No Estoppel by Prior Judicial Review of SOPA Arbitration

Where final judgment is entered in a proceeding, a party to that proceeding may be barred from initiating subsequent proceedings against the other party or from raising a question of fact or law in subsequent proceedings against the other related party to the definitively determined procedure. problems.

However, in Gemcan Construction Pty Ltd v Westbourne Grammar School (Enforcement of arbitration award) [2022] CSV 6 (the Gemcan case), the Supreme Court of Victoria held that an arbitrator was not precluded from ruling on a matter of material breach, in circumstances where the validity of a notice of withdrawal alleging material breach had been considered in the context of a ‘a prior judicial review of a decision made under the Security of Payments in the Building and Construction Industry Act 2002 (vic) (the SOP law).

Background

In July 2016, Gemcan Construction Pty Ltd (Gemcan) and Westbourne Grammar School (Westbourne) entered into an employment contract on the Newport campus for approximately $1.7 million (the contract).

Between February and April 2017, Westbourne purported to serve three show cause notices on Gemcan. Each of the show cause notices alleged that Gemcan was in material breach of contract. On each occasion, he also subsequently sent a notice to Gemcan with the intention of removing all remaining work from Gemcan’s hands. In response, Gemcan claimed that the show cause notices were invalid and when Westbourne alleged that Gemcan was trespassing, Gemcan demobilized and claimed to accept Westbourne’s repudiation.

In May 2017, Gemcan submitted a payment request to Westbourne claiming approximately $430,000. Westbourne responded with a “nil” payment schedule. Gemcan filed for arbitration under the SOP Act and the arbitrator determined that Westbourne should pay Gemcan approximately $241,000 (the arbitration decision).

Westbourne sought judicial review of the arbitration decision in the Supreme Court of Victoria. Robson J discovered (among other things) that Westbourne’s third cause and effect opinion (the third show cause notice), alleging material breach by Gemcan, was valid. This meant that there was no record date for Gemcan’s demand for payment and the arbitration decision was made without jurisdiction and was overturned.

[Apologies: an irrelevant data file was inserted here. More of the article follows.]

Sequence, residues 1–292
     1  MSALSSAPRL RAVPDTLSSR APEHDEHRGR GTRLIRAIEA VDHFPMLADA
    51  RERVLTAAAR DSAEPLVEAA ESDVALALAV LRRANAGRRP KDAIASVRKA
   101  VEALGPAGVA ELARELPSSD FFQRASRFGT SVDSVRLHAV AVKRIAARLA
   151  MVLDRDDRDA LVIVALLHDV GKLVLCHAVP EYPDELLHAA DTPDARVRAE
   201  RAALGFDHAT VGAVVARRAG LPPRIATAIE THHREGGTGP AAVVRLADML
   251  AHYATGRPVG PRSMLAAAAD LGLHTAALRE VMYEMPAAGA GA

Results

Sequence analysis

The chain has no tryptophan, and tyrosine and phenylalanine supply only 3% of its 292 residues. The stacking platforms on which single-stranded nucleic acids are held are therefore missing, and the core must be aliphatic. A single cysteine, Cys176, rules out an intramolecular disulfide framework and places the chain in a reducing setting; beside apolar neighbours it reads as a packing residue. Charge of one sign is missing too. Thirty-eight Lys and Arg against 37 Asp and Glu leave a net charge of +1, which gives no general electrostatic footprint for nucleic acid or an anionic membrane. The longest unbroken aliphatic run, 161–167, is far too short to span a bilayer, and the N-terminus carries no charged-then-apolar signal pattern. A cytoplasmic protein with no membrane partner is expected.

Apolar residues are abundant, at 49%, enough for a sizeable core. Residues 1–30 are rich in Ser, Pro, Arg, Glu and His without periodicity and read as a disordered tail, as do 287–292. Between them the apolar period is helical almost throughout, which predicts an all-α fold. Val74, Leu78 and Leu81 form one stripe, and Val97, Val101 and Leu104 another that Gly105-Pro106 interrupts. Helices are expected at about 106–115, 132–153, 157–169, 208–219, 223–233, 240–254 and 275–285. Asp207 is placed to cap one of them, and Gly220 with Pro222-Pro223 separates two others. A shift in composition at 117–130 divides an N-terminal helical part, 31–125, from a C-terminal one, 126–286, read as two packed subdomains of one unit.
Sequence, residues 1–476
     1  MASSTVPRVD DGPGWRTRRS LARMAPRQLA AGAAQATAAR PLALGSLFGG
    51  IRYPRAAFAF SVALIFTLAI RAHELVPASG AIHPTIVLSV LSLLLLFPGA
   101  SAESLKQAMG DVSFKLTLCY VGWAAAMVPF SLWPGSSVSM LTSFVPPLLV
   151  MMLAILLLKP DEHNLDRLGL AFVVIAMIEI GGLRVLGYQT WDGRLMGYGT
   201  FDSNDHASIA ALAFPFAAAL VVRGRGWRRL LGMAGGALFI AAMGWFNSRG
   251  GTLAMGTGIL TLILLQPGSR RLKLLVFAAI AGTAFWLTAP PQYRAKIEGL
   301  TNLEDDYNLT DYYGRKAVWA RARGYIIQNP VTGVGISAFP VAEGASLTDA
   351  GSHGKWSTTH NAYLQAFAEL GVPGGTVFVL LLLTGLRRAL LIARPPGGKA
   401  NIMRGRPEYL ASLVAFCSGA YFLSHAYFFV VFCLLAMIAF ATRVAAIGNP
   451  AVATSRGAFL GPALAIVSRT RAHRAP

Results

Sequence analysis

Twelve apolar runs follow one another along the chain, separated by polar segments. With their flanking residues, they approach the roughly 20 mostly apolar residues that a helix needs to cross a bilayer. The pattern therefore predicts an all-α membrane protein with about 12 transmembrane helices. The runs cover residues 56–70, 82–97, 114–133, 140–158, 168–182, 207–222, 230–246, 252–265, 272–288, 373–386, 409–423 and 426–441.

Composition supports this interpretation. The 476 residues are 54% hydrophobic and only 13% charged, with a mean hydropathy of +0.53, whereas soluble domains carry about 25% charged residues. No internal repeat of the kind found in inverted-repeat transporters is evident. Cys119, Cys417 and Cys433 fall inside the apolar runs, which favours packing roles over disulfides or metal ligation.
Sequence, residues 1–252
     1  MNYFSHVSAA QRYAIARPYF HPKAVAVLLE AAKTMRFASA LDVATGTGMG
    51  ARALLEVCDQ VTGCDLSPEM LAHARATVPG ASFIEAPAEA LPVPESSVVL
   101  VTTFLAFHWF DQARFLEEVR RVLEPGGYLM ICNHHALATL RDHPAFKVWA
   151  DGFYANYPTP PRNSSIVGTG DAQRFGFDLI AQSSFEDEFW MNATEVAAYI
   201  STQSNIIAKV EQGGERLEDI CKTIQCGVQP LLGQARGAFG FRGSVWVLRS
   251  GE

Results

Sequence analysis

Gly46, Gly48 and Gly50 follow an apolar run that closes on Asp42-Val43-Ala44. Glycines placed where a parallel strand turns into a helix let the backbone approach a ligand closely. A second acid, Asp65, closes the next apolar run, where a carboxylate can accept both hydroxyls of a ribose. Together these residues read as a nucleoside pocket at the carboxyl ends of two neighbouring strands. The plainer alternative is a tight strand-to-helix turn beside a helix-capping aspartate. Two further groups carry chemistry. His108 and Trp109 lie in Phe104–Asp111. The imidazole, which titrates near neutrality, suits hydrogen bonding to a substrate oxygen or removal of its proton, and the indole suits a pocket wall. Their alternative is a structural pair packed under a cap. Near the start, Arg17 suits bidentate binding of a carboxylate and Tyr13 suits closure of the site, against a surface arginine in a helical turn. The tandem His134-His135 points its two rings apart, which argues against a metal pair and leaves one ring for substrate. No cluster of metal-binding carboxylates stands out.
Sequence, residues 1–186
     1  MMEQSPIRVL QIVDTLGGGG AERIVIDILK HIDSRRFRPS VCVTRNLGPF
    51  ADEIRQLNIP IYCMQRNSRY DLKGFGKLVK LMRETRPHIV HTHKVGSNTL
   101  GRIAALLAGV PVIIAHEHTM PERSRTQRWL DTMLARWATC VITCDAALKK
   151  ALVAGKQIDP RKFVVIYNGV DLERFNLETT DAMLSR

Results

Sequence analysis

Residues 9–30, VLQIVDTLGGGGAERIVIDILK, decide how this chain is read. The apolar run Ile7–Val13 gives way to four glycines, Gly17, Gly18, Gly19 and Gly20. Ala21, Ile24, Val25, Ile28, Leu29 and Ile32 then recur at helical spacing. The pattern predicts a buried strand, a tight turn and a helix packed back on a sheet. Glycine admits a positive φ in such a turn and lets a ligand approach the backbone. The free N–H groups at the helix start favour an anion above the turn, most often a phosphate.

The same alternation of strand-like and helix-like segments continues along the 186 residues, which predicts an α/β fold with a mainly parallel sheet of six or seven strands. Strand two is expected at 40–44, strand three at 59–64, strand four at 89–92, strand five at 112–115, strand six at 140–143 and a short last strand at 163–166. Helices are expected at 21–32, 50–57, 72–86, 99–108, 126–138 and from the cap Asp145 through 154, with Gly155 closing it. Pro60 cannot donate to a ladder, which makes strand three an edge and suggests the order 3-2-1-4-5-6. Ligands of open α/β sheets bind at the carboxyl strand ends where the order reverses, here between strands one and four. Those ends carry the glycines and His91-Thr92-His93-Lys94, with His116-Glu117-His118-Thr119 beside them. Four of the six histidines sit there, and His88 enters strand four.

In October 2019, Gemcan served a Notice of Dispute on Westbourne claiming approximately $486,000 and referred the dispute to arbitration under the contract (which Westbourne unsuccessfully challenged in the Supreme Court of Victoria). The arbitrator found (among other things) that it was not time-barred from rendering a decision on the issue of material breach by Gemcan. The arbitrator determined that Gemcan had made no material breach of contract and awarded Gemcan approximately $318,000 plus interest (the arbitration award).

Westbourne appealed to the Supreme Court of Victoria (the tribunal) for an order setting aside the arbitral award pursuant to Article 34 of the Commercial Arbitration Act 2011 (vic) (commercial arbitration law) on the grounds that it was contrary to the public order of the State. Westbourne argued that the dispute arose because Judge Robson’s ruling on the arbitration award meant the arbitrator was estopped from finding that Gemcan was not in material breach of contract.

Gemcan separately asked the Court to order enforcement of the arbitration award. The Court heard and decided both motions together.

Estoppel by judgment

When a final judgment has been rendered, four finality rules may apply to subsequent proceedings between the same parties:

  1. Res Judicata, which merged (and therefore extinguishes) any right or obligation which is the subject of the judgment, which means that the plaintiff’s only right is to enforce the judgment or order;
  2. Cause of action estoppel, which prevents a party from asserting a right or obligation the existence (or non-existence) of which has been determined by judgment in the proceeding ultimately determined;
  3. Issue estoppel, which prevents a party from raising a final question of fact or law, which has been resolved in the final judgment; and